Gareth Southgate on some fans booing when England players take the knee

ENGLAND manager Gareth Southgate questioned whether some supporters understand the symbolism and meaning behind players taking the knee - after the symbolic pre kick-off anti-racism gesture by Three Lions stars was booed by a small number of fans ahead of Wednesday nights game in Middlesbrough.

England manager Gareth Southgate in conversation with his bench at the Riverside Stadium. Picture: PA

The first of two pre-European Championship friendlies at the Riverside Stadium, with around 7,000 fans in attendance, saw the hosts triumph thanks to a goal on 56 minutes from Bukayo Saka who netted for the first time at senior level for his country.

The Arsenal player was one of five BAME players who started for England, with the others being Jude Bellingham, who impressed on his first senior start, Trent Alexander-Arnold, Tyrone Mings and Jesse Lingard.

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Yorkshire-born trio Kalvin Phillips, from Leeds, York-born Ben Godfrey - who made his debut - and Sheffielder Dominic Calvert-Lewin were on the bench alongside Oliver Watkins and Jadon Sancho.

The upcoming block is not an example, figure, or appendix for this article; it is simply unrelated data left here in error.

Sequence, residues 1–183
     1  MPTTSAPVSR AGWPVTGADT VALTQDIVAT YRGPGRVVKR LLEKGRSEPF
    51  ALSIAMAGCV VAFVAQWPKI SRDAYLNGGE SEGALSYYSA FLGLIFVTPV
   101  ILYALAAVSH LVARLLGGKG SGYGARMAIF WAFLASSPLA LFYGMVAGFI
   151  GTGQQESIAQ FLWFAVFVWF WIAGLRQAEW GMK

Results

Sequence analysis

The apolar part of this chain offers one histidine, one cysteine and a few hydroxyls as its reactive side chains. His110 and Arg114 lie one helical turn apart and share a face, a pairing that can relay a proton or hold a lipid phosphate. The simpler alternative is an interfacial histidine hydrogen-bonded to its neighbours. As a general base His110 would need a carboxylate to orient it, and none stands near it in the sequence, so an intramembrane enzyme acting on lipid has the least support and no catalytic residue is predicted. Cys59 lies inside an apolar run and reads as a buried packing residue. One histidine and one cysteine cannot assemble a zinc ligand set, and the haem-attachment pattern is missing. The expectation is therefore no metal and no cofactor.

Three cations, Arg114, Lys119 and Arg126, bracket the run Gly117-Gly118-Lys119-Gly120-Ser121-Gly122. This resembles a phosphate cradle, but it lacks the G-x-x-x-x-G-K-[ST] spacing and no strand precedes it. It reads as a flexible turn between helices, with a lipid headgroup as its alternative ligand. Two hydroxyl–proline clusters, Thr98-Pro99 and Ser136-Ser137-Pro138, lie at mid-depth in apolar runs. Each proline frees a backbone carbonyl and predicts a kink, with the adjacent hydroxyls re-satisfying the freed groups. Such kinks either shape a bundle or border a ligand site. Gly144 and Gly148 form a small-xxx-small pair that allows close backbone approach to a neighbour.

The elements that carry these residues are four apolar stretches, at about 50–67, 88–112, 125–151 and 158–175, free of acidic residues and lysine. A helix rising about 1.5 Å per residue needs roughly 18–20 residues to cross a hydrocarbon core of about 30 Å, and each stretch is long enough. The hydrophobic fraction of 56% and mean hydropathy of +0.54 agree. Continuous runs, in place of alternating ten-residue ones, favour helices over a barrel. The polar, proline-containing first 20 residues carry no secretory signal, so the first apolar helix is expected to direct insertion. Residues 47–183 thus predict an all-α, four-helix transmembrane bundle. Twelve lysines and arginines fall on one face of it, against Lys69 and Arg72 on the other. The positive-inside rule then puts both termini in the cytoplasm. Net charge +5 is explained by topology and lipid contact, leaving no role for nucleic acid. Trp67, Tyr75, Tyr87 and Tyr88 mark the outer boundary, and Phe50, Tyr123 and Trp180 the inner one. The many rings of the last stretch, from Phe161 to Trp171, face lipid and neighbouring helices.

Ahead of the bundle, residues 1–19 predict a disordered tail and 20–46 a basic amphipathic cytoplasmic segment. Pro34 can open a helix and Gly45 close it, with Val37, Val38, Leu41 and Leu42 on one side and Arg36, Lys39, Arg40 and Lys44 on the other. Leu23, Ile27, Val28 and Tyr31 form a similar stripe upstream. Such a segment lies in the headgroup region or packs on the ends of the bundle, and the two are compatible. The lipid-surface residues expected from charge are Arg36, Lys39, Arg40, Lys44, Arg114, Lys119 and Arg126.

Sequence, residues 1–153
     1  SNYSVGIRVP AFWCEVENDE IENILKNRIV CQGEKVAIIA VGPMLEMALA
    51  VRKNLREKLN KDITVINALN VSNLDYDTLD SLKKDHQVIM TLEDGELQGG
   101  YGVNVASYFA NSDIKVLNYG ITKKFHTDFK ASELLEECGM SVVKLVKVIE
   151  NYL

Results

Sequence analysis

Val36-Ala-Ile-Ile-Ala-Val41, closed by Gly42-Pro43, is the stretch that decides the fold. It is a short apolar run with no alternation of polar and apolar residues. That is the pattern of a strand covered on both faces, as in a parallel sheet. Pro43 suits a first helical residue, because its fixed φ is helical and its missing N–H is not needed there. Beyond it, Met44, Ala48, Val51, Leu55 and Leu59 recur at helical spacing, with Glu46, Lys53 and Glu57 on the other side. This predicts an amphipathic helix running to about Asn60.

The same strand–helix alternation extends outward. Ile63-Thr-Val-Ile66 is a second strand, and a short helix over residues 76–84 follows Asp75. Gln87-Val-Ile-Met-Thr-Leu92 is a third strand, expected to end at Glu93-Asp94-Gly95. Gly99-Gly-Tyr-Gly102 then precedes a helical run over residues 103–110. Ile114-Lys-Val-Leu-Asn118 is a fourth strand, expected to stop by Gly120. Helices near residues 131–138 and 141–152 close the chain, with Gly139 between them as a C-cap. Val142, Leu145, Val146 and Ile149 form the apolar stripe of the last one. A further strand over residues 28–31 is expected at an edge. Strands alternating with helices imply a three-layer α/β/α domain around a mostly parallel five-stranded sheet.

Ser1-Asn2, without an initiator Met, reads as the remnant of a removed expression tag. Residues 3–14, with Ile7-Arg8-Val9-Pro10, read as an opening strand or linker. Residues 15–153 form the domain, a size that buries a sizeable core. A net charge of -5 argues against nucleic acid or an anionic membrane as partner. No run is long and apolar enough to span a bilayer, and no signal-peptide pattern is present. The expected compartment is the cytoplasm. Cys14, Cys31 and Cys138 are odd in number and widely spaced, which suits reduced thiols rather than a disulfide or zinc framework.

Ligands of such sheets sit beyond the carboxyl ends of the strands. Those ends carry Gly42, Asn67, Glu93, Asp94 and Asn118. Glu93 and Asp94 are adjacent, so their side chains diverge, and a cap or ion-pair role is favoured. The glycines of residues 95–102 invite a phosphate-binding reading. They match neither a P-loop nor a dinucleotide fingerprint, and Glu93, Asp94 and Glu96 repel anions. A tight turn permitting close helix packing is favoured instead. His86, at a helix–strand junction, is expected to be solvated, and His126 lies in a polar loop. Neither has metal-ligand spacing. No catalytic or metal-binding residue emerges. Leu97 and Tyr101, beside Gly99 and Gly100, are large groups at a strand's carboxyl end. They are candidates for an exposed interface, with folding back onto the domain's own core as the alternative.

The jeers from some supporters at players 'taking the knee' was drowned out by applause at the anti-racism gesture from the vast majority of the crowd, but the boos did represent an unfortunate down side to a positive night in terms of atmosphere as England played a game in front of fans for the first time in 563 days.

Southgate said: "I did hear it. It’s not something on behalf of our black players that I wanted to hear because it feels like it is a criticism of them.

“We have got a situation where some people seem to think it’s a political stand that they don’t agree with.

“That’s not the reason that the players are doing it. We’re supporting each other.

“I was pleased that it was drowned out by the majority of the crowd but we can’t deny the fact that it happened.

“I think the most important thing for our players to know is that all of their team-mates and the staff are fully supportive."

“I think the majority of people understand it but some people aren’t quite understanding the message and we’re seeing that across many grounds at the moment.”